Whatever the case, the latest EU move of making yet another "offer" to Iran to forego effectively its rights under the NPT, seems a first step towards moving against Iran outside of the UNSC framework and therefore should be viewed with caution. After all, the EU knows Iran will not give up its right to low grade enrichment of uranium as allowed for under the NPT, so their demand that Iran halt all enrichment is neither fair nor plausible -- especially since many other NPT signatories like Japan, Australia and European states themselves also enrich uranium. What would have been more relevant was to get Iran to ratify the Additional Protocol and to resume observing its clauses as it had been doing earlier without the ratification. After all, it should be incumbent on all states to abide by all their international commitments, including treaty commitments.
Or else, the EU could offer talks on the model of the six-party talks involving the US, Russia, China, North Korea and its two important neighbors, South Korea and Japan. With Iran, the talks could involve the EU, the US, Russia and China -- and perhaps the UN Secretary General. The fact that the EU and the US are simply not prepared for dialogue on the nuclear issue with Iran shows a mala fide intent to create a scenario where a coalition of the willing can be put together to deal with Iran punitively -- something the international community through the UNSC is not prepared to accept at present.
It is in this context of the notion of coalitions of the willing that the new course being charted by NATO should also be a cause for concern for the international community, especially Asian states because this seems to be the new operational theatre being sought by NATO. Given that NATO's membership remains European and Atlantic, are these states going to decide on the strategic dynamics of Asia? It seems NATO is going to be one of the instrumentalities for carrying out the agendas of future coalitions of the willing -- as long as NATO consensus can be acquired, which was not possible in Iraq!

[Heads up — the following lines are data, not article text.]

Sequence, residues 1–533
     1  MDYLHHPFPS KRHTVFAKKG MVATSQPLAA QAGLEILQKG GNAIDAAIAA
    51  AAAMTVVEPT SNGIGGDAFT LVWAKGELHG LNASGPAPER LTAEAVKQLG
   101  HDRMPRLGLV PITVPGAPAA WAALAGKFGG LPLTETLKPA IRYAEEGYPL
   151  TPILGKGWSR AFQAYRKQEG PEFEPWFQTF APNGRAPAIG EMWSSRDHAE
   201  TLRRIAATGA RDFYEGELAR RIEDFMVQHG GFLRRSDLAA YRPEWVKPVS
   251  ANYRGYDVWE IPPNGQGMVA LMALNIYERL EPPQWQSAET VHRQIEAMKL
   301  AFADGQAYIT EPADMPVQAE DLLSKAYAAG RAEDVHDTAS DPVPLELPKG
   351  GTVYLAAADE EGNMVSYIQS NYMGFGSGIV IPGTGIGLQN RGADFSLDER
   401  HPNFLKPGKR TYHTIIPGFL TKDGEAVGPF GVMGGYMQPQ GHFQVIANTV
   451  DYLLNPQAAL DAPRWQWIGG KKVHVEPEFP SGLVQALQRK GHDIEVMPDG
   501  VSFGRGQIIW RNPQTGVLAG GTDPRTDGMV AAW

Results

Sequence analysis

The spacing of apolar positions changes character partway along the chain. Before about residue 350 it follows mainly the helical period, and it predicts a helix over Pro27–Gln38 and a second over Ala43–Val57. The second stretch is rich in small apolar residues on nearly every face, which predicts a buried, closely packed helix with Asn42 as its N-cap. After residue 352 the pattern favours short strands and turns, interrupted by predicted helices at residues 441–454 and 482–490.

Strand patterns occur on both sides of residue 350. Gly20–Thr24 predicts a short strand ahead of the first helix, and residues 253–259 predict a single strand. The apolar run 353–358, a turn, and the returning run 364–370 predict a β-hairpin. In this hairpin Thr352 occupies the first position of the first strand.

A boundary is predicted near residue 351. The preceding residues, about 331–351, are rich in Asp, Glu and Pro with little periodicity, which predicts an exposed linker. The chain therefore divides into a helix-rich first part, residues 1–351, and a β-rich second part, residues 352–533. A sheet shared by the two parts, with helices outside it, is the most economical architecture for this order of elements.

Some in Pakistan feel NATO offers possibilities for Pakistan through cooperative agreements but what will happen if such an agreement compels Pakistan to cooperate with NATO against one of its neighbors in the future -- be it Iran or even China in the distant future? A visiting Polish dignitary, on a recent visit to Islamabad, made a public statement that NATO was looking at the notion of expeditionary forces being sent to various parts of the world.
This expansion of the NATO agenda, from one of a limited collective defense organization to a collective security organization, with restrictive membership, has no legitimacy in international law or international norms today, since the UNSC is the only international collective security organization sanctioned by the international community.
The argument that NATO functions more effectively because it has better resources and so on, does not hold since member states of the UN have chosen to deny this capability to the UN through the Security Council despite Chapter VII, Articles 42-47, which include provisions for a UN Military Staff Committee. To keep the UNSC without its teeth and then rationalize the expanding agenda and operational milieu of NATO seems a self-serving intent on the part of the US, France and Britain.
No matter what the lures may be in the short term regarding NATO and coalitions of the willing, for states like Pakistan moving outside of the framework of the UN is wrought with problems since coalitions of the willing observe no international norms or laws except those, if any, that may suit their agendas at a particular time even as they undermine international consensus and the legitimacy of the UN and its organs.
(The writer is director general of the Institute of Strategic Studies in Islamabad. Courtesy The News)